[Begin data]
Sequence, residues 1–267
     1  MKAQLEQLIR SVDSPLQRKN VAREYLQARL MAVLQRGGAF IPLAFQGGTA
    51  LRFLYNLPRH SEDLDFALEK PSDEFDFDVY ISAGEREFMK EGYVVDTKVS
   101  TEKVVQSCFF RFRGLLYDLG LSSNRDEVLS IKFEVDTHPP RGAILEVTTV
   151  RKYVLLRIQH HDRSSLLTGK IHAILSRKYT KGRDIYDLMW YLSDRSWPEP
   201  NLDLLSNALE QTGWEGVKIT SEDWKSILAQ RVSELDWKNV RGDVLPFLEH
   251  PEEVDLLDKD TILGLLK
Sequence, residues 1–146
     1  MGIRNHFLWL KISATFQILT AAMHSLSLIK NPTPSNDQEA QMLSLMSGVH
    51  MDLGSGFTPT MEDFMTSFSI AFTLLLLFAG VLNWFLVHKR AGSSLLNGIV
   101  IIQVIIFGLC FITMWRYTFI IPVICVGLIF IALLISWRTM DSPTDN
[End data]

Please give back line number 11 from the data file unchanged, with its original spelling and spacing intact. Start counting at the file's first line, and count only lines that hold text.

   101  IIQVIIFGLC FITMWRYTFI IPVICVGLIF IALLISWRTM DSPTDN